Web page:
AP

Originally published on Wed July 23, 2014 10:36 pm

Abu Wissam speaks to us by phone from the northern Iraqi city of Mosul. He asks us to use his nickname to protect him, his family and his missing father before he recounts his father's kidnapping.

The men came on evening of July 3, just before Abu Wissam's family was preparing to break their day-long fast during the holy month of Ramadan.

"There were seven of them and before I knew it they were in our kitchen," he says.

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Iraq
4:28 pm
Mon July 21, 2014

Life Under 'The Islamic State': Order In The Shadow Of Terror

Originally published on Mon July 21, 2014 6:35 pm

Transcript

: This is ALL THINGS CONSIDERED from NPR News I'm Robert Siegel.

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Iraq
12:12 pm
Sat July 19, 2014

Extremists Leave A Violent Message In A Small Iraqi Town

Thousands of Iraqis fleeing Sunni extremists fled to the Kurdish city of Erbil, where they lined up here on June 12 at a checkpoint before entering.
EPA /LANDOV

Originally published on Mon July 21, 2014 10:49 am

A small Sunni Arab town north of Baghdad put up a fight when Sunni Muslim extremists from the so-called Islamic State tried to impose their rule on the town.

The residents lost, and now the town, Zowiya, just outside of Tikrit, is destroyed. More than 200 of its homes have been blown up, and the residents have fled.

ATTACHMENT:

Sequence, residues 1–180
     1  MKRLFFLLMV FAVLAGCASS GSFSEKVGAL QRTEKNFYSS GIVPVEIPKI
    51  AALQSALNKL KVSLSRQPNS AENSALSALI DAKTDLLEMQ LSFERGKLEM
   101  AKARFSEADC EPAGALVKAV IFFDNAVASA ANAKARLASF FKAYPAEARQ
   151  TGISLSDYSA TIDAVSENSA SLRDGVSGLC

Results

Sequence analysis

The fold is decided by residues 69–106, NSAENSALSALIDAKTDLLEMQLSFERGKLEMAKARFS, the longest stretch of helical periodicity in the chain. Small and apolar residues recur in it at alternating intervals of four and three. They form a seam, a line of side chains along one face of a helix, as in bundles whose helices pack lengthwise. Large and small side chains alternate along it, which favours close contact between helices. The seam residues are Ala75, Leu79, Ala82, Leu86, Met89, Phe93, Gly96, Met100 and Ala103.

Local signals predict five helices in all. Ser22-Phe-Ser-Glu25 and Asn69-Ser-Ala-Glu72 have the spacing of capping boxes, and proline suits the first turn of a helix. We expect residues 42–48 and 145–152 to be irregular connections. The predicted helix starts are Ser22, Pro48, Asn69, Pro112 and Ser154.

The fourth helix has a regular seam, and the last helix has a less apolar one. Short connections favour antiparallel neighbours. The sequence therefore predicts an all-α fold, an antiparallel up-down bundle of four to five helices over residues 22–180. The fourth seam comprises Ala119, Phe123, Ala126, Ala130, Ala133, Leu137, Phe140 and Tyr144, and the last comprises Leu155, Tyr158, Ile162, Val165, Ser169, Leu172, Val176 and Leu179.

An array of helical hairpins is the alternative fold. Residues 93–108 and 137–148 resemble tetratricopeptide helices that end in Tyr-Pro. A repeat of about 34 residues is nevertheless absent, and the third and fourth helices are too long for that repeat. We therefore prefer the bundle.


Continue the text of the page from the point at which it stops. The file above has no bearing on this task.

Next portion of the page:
The Islamic State leveled the town as a warning to anybody else that dares to fight them.

"My town is gone," says Abu Saad, a businessman in his sixties. "They bombed all our houses. Everything we have is gone."

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Iraq
4:58 pm
Tue July 15, 2014

A Few New Faces Aren't Likely To Satisfy Iraqi Government's Critics

Originally published on Tue July 15, 2014 7:23 pm

Transcript

ROBERT SIEGEL, HOST:

From NPR News this is ALL THINGS CONSIDERED. I'm Robert Siegel.

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Parallels
5:10 am
Sat June 28, 2014

A Rogue Libyan General Tries To Impose Order With An Iron Fist

Libya's Gen. Khalifa Hifter speaks at a news conference in Abyar, a small town to the east of Benghazi, on May 31. Hifter, a former military officer in Moammar Gadhafi's army, has has launched a self-declared campaign against Muslim extremists. This has won him both supporters and enemies.
Esam Omran Al-Fetori Reuters/Landov

Originally published on Sat June 28, 2014 12:43 pm

No one is safe in Libya these days. Judges, activists, human rights defenders and former officers in Moammar's Gadhafi's army are being silenced with bullets and knives.

There are no formal security forces, weapons remain unsecured and the economy is foundering because rebels seized oil ports in the east.

For all these reasons, a rogue general with a checkered past has found support in large swaths of the country as he vows to fight what he calls terrorist groups.

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Africa
4:44 pm
Thu June 26, 2014

Remembering Salwa Bugaighis, The Libyan Advocate Who Took On Ghadafi

Originally published on Thu June 26, 2014 7:10 pm

Transcript

AUDIE CORNISH, HOST:

It's ALL THINGS CONSIDERED from NPR News. I'm Audie Cornish.

MELISSA BLOCK, HOST:

And I'm Melissa Block. Now, sobering news out of Libya - a prominent rights activist was shot and stabbed to death in her home last night. Salwa Bugaighis was a lawyer from Benghazi who had opposed former dictator Muammar Gaddafi. Today, U.S. National Security Advisor Susan Rice issued a statement lauding her courage and leadership. NPR's Leila Fadel had visited Bugaighis just recently, and has this report.